Poll: Trump ahead among NC unaffiliated voters

Republican presidential nominee Donald Trump speaks during a campaign event in Fairfield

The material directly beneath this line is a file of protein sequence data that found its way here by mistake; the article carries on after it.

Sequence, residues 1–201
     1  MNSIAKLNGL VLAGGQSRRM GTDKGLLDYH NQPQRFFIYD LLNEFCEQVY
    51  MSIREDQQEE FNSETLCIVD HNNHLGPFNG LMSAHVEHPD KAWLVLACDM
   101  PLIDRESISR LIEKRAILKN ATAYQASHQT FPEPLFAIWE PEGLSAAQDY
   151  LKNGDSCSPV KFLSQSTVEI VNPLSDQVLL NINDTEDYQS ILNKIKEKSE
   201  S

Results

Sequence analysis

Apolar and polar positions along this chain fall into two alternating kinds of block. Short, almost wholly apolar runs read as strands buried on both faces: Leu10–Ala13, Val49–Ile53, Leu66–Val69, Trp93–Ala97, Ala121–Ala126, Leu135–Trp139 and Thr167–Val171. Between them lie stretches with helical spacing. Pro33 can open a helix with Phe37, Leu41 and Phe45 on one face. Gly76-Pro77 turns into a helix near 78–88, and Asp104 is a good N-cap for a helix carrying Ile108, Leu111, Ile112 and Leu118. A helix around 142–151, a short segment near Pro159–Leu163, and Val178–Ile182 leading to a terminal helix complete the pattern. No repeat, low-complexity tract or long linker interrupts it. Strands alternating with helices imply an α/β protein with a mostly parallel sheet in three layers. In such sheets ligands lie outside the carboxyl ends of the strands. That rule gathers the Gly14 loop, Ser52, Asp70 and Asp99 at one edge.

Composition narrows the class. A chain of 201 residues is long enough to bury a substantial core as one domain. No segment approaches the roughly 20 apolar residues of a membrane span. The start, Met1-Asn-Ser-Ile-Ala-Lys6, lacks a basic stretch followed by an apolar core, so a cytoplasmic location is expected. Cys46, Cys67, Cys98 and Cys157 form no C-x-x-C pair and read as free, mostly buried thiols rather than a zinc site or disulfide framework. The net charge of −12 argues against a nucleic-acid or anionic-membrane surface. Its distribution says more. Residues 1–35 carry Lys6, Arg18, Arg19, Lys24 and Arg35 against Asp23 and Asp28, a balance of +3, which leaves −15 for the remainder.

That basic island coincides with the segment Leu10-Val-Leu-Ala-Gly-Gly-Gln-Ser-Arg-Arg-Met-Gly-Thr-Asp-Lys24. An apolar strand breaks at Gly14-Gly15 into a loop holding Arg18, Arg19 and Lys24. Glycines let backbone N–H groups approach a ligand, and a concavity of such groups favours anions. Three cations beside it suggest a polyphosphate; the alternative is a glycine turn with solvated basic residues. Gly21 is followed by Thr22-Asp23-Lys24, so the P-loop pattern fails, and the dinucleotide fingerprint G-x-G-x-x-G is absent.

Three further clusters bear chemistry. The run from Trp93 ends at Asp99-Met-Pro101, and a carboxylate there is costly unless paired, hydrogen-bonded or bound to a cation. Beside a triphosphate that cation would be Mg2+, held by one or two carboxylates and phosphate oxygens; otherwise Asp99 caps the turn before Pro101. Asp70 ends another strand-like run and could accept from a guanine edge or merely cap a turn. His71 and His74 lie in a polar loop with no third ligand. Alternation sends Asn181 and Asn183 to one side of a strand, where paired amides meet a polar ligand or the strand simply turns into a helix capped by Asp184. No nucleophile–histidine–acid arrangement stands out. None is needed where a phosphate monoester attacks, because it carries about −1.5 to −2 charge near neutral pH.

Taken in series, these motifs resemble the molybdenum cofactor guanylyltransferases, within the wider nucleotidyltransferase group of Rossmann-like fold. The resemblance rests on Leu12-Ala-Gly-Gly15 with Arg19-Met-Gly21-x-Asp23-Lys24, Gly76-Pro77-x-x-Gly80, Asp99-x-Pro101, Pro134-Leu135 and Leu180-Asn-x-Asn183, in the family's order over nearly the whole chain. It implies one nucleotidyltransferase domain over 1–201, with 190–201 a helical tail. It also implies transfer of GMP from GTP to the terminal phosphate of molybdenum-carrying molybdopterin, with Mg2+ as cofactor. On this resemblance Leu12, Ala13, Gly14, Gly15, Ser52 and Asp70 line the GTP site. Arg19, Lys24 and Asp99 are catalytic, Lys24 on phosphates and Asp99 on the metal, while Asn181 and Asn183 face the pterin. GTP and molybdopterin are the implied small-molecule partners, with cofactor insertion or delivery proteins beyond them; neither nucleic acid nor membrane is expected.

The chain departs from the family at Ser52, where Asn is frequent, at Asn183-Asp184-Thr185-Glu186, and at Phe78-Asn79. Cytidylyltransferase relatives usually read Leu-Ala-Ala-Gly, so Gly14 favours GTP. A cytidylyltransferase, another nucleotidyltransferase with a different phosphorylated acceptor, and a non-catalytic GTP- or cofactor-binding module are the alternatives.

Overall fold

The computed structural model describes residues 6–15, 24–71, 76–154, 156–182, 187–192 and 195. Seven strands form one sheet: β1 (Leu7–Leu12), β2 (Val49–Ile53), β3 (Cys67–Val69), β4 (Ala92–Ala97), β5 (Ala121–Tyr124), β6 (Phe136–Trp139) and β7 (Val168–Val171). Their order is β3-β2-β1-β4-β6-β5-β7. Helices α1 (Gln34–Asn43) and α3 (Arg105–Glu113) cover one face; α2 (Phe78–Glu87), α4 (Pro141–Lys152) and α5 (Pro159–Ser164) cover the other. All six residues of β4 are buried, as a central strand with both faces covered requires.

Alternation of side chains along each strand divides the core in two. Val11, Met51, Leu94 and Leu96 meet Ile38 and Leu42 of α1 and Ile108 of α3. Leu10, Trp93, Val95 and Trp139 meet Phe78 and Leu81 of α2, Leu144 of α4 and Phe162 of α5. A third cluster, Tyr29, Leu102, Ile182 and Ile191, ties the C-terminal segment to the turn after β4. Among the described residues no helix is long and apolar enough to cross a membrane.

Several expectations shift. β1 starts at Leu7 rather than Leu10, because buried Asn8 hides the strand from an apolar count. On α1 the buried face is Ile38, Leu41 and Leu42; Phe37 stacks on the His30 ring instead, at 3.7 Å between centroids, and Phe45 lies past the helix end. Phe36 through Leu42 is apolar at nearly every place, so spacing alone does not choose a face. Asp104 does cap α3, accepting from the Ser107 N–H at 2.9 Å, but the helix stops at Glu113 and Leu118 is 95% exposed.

RALEIGH — A poll released Thursday shows that Donald Trump is leading Hillary Clinton among unaffiliated voters in North Carolina 38 to 28 percent. The poll is from N.C. conservative think tank the Civitas Institute and also shows that unaffiliated voters have an increasingly favorable view Gov. Pat McCrory, a Republican, at 46 percent favorable, compared to 40 percent this time last year. His opponent, Democrat Roy Cooper, is polling 31 percent favorable. Cooper had his unfavorable numbers double in a year, jumping from 14 percent to 26 percent. The poll found that among unaffiliated voters, McCrory leads Cooper 43 percent to 35 percent with 16 percent undecided.”McCrory is right side up in his favorability for the first time in years, so he is in the right place going into elections,” said Francis X. DeLuca, president of Civitas.The poll, conducted by Adam Geller of National Research Inc., zeroed in on unaffiliated voters only, the fastest growing segment of the N.C. voter base. As a swing state, N.C. went narrowly for Barack Obama in 2008 and narrowly for Mitt Romney in 2012. Analysts are saying that it’s increasingly evident that unaffiliated voters are likely to choose who gets the state’s 15 electoral votes in November.Civitas has been conducting this survey of unaffiliated voters each August for the past seven years. This year the telephone poll was taken from Aug. 11-16 and surveyed 400 registered, likely voters (33 percent on cell phones) with a margin of error of +/- 4.9 percent.”The number of unaffiliated voters is truly growing in North Carolina — truly unaffiliated, as opposed to those who are partisan but do not want to put it down,” said DeLuca. This year unaffiliated voters are also more undecided on who will get their presidential vote. According to the poll, only 45 percent of the respondents have made up their mind on the top of the ticket. In 2012, Civitas showed that nearly 60 percent of them had already made up their minds in August between Mitt Romney and Barack Obama. This year’s poll shows that 65 percent have an unfavorable view of Clinton while 52 percent had an unfavorable view of Trump. However, 23 percent view both of them unfavorably. Interestingly, McCrory is up among those 23 percent who view both unfavorably. “It appears that the more people hate those two, the better McCrory does,” laughed DeLuca.